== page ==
“Farming is a strange combination of forced patience and instant gratification,” is how local farmer Tara Rockacy explained her endeavor, and she would know! The lady has been moving and hustling, expanding, growing and evolving with each season, from CSAs to goats emerging from new barns to mingle with the city’s top chefs. The “forced patience” aspect reminded me how a farm must work in tune with the season and the elements. Unlike a business startup, there can’t be a complete change of direction mid-season. There can’t be a last-minute decision to focus on flowers because that’s what the market wants. That decision has to be planned and put in motion long before the competitive scrambling to catch a bridal bouquet. That’s why a bloom, at long last, is so instantly gratifying.
Nonetheless, my dreamer, imaginative, event designer, stylist side gets swept away with the farm’s full potential, until a brief reality check finds me ensnared in visions of long tables, farm-fresh bouquets, wedding vows amidst the basil, banjo nights, yoga by the hoop house, drawing classes with edible still lifes, herbalism workshops, etc, etc, etc. The “forced patience” is remembering the main goal for this season: to repair the soil, grow food and feed people. Everything else will come in its due time. Due time means starting small: one picnic table, four friends, and one enjoyable evening of just being on the farm.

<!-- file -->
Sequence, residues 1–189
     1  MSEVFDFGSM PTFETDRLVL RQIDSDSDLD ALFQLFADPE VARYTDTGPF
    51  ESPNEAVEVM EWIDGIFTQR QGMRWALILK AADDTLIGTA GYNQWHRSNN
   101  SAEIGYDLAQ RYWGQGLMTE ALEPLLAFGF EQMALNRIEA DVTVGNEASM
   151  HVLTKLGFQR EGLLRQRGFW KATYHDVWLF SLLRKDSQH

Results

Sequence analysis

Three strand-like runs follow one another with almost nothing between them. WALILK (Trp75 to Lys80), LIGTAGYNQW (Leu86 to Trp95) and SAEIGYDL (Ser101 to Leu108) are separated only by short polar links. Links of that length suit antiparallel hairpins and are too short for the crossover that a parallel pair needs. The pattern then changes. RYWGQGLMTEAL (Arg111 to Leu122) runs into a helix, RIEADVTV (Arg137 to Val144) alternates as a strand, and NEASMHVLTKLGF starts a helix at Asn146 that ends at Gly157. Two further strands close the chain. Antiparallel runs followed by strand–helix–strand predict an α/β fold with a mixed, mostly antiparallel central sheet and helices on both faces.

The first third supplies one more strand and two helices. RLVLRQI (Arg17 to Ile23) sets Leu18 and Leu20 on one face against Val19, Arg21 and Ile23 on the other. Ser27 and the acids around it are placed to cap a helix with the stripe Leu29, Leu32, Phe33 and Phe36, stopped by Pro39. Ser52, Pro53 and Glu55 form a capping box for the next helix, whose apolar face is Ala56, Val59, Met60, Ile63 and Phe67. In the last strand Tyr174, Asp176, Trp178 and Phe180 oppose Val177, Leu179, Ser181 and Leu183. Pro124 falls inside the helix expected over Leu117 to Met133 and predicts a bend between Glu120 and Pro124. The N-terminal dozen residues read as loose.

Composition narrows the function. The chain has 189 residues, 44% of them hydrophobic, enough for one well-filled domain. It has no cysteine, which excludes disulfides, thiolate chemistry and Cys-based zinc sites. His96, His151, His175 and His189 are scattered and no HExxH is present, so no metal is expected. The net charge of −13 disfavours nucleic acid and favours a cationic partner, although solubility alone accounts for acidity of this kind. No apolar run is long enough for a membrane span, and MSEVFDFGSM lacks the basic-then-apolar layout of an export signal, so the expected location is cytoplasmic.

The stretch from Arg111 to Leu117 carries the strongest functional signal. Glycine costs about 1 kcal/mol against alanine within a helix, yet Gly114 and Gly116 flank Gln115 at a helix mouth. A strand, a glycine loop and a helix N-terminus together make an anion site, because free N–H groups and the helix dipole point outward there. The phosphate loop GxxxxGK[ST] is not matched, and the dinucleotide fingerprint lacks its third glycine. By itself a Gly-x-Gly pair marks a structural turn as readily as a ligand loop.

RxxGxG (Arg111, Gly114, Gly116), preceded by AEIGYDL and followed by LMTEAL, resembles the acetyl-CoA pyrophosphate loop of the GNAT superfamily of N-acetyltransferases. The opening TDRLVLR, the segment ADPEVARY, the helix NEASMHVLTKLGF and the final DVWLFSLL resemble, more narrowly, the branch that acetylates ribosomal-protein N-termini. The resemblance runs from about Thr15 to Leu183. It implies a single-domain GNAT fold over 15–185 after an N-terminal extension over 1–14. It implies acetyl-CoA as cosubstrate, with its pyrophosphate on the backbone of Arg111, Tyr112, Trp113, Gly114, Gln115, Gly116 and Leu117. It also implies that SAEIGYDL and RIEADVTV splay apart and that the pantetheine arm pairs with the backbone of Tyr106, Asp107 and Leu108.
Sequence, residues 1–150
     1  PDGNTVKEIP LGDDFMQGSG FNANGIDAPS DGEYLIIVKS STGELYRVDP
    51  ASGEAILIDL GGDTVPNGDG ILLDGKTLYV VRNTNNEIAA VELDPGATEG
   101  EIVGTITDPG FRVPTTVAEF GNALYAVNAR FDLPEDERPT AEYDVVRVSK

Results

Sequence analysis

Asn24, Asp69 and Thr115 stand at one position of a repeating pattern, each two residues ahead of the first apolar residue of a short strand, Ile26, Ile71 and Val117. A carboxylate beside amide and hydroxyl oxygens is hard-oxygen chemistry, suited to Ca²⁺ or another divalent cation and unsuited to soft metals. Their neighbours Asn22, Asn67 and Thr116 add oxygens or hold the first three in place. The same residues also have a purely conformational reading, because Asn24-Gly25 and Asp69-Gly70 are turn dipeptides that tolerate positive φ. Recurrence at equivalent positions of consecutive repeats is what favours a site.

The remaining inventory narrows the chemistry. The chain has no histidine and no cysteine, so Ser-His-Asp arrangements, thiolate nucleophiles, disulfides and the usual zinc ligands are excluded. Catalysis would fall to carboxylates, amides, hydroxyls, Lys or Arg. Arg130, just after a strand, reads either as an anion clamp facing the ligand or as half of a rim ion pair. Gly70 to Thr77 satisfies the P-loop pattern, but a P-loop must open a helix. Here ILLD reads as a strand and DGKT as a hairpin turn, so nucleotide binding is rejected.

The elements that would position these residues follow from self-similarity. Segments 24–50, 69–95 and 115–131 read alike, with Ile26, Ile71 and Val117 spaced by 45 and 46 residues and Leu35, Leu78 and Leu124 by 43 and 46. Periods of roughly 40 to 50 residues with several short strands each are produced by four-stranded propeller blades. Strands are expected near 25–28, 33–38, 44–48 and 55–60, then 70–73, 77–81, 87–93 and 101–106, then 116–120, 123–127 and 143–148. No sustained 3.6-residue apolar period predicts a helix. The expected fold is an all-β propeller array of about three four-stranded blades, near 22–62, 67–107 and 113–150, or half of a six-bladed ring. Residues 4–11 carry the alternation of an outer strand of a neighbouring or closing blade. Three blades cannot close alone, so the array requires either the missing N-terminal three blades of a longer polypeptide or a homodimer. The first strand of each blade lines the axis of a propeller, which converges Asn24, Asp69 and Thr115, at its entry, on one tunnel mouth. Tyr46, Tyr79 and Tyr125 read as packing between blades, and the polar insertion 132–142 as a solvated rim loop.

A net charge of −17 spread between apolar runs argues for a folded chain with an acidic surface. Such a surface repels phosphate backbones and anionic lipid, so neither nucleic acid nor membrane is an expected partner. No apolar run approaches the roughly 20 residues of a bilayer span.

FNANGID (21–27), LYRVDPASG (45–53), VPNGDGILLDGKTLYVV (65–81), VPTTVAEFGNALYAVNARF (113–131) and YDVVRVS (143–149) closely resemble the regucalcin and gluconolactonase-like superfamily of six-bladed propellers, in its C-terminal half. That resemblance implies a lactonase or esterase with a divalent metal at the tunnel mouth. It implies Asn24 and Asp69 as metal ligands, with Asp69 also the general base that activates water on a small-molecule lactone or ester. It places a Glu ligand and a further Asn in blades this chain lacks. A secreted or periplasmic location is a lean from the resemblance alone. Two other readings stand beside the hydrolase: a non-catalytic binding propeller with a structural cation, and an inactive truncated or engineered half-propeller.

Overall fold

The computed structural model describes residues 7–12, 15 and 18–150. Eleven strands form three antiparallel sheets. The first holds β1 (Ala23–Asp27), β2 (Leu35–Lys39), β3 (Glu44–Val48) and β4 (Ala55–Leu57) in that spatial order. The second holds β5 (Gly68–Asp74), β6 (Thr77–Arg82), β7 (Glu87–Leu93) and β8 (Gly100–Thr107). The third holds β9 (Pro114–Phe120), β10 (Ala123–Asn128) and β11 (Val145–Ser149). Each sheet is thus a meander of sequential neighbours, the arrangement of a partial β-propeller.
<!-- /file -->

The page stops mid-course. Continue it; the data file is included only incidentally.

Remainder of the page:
“This is the first time I’ve had people on the farm and haven’t put them to work,” the Urban Farmer joked, and though the work is rewarding, just sitting, laughing and eating sausages was a welcomed change of pace.
Starting small, or simply starting, can be such a hurdle, so this cookout was a much needed reminder for me to slow down, enjoy this season, and take advantage of the here and now. I should probably plaster that reminder all over my apartment: Start small, start small, start small!
Bricks that once clad homes on these vacant lots, were born again as a our fire pit, where we grilled sausage and smoky potato wedges with herbs. The Urban Farmer picked the salad straight from the ground- a flavorful mix with bitter, citrusy notes and crunch- a far cry from the plastic container of greens in the produce aisle. The watermelon was juicy, the cocktail was refreshing, the view of the city was stunning, and dessert was just the right mix of sweet and tart.
While my head will probably always spin with ideas and grand dreams, I’ll take plenty more of these small, first steps and remember to appreciate patience, albeit forced, and cherish the ensuing moments of instant gratification!
Whole Wheat Lemon Mint Olive Oil Cake & Sage Lemonade Cocktails